(Reuters) – Iran and Russia both gave upbeat views on Tuesday about talks that kicked off this week to salvage Tehran’s 2015 nuclear deal with global powers, although Western nations have said the negotiations are going too slowly.
Iranian Foreign Minister Hossein Amirabdollahian said a deal was possible in the near future if other parties showed “good faith” while Russian envoy Mikhail Ulyanov said a working group was making “indisputable progress” in the eighth round of talks.
Indirect talks between Iran and the United States resumed on Monday in Vienna, with Tehran focused on getting U.S. sanctions lifted again, as they were under the original bargain, despite scant progress on reining in its atomic activities.
The seventh round of talks, the first under Iran’s new hardline President Ebrahim Raisi, ended 11 days ago after some new Iranian demands were added to a working text.
Iran insists all U.S. sanctions must be lifted before steps are taken on the nuclear side, while Western negotiators say nuclear and sanctions steps must be balanced in the agreement, known as the Joint Comprehensive Plan of Action (JCPoA).
“The Vienna talks are headed in a good direction,” Iranian Minister Amirabdollahian said in comments to reporters broadcast by state media. “We believe that if other parties continue the round of talks which just started with good faith, reaching a good agreement for all parties is possible.”
France, Germany and the United Kingdom said in a statement on Tuesday that technical progress had been made in the last round and the parties now needed to fully focus on the key outstanding issues, particularly nuclear and sanctions.
They said while they were not setting an artificial deadline, there were weeks not months left to strike a deal.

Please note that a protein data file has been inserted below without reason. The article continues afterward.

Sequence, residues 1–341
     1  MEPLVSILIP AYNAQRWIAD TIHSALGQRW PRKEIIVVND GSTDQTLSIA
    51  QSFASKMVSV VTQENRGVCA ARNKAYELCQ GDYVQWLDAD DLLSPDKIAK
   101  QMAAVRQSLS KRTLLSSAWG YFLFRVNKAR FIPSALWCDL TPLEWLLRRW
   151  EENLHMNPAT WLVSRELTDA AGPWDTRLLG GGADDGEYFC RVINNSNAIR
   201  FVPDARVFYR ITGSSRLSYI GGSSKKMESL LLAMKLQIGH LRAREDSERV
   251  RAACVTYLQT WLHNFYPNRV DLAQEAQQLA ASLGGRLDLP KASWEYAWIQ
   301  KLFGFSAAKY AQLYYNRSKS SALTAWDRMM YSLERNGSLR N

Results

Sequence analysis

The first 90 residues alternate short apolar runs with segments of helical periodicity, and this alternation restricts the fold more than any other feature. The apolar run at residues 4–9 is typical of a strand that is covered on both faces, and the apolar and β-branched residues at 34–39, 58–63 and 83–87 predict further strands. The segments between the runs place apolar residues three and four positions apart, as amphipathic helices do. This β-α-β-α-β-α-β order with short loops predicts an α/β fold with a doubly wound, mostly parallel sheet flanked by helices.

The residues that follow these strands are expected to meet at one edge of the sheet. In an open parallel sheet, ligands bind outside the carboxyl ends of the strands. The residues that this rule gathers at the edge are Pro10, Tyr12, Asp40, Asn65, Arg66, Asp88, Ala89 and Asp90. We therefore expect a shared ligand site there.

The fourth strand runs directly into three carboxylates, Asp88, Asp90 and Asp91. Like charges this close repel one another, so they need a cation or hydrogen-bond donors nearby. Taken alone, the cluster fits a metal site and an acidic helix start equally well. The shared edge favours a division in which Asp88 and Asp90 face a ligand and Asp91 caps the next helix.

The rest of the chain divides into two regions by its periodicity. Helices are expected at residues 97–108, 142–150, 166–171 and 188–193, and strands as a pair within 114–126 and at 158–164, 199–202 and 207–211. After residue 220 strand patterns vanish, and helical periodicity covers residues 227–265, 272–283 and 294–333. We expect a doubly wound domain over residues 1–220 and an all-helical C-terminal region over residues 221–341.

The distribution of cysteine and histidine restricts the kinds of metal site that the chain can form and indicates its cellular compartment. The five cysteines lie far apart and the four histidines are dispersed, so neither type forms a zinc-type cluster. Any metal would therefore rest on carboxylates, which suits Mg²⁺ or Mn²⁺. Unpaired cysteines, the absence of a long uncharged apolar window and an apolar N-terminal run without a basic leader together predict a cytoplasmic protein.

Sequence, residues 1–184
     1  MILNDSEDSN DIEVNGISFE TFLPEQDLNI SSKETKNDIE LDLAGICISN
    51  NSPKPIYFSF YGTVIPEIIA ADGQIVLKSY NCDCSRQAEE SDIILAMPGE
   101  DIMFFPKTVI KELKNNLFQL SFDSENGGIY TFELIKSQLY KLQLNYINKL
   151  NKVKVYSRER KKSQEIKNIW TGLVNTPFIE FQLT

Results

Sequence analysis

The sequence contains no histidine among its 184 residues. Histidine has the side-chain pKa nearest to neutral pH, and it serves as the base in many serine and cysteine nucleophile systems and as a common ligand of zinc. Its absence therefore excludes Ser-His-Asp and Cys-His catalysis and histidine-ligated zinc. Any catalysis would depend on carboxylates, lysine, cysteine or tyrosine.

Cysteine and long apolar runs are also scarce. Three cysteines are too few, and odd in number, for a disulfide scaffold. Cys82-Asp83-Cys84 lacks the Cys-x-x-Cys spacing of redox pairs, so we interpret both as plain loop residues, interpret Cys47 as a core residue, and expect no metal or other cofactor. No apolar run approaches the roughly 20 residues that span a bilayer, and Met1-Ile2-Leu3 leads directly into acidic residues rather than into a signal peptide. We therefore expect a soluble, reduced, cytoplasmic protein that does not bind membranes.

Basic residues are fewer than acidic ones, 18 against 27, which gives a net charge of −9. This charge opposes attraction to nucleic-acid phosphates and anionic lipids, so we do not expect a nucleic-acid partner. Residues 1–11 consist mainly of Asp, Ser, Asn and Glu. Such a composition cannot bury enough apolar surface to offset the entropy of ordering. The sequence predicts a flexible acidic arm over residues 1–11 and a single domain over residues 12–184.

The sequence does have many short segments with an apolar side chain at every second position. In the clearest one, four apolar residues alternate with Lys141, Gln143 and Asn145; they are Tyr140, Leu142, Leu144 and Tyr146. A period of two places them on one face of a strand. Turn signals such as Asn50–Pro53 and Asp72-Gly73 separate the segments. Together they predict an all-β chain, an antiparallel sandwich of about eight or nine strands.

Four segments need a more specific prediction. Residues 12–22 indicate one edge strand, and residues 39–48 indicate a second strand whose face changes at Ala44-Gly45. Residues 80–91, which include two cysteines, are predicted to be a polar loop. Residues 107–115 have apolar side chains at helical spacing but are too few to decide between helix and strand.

“We are clear that we are nearing the point where Iran’s escalation of its nuclear program will have completely hollowed out the JCPoA,” they said.
“The negotiation is urgent – and our teams are here to work swiftly and in good faith towards getting a deal.”
ISRAEL WANTS FIRMER POSITION
The original agreement lifted sanctions against Tehran in exchange for restrictions on its atomic activities but Donald Trump pulled Washington out of the deal in 2018, a year after he became U.S president. Iran later breached many of the deal’s nuclear restrictions and kept pushing well beyond them.
The parties to the deal besides the United States – Iran, Russia, China, France, Britain, Germany and the European Union – kicked off the new round of talks on Monday.
Iran refuses to meet U.S. officials directly, meaning other parties must shuttle between the two sides.
Mikhail Ulyanov, the Russian envoy, said on Tuesday that a working group was making progress. “Sanctions lifting is being actively discussed in informal settings,” he wrote on Twitter.
The 2015 deal extended the time Iran would need to obtain enough fissile material for a nuclear bomb – if it chose to – to at least a year from about two to three months. Most experts say that time is now less than before the deal, although Iran says it only wants to master nuclear technology for civil uses.
Israeli Prime Minister Naftali Bennett said Israel would not automatically oppose a nuclear deal but world powers must take a firmer position.
Israel says it will never allow Iran to get nuclear weapons and that all options are on the table. Israeli leaders have said that a nuclear Iran would pose an existential threat to Israel.
“We are not the bear who said ‘No’,” Bennett said in an interview with Israel’s Army Radio, referring to a popular naysaying character from children’s literature.
“For sure there can be a good agreement. For sure. We know the parameters. Is that expected to happen now in the current dynamics? No. Because there needs to be a much firmer position.”
Bennett declined to comment on Israel’s military strike capabilities against Iran, saying he preferred the approach of “speak little and do a lot.”
(Reporting by Miranda Murray in Berlin, Jeffrey Heller, Dan Williams and Ari Rabinovitch in Jerusalem, and Dubai newsroom; Writing by Tom Perry; Editing by David Clarke)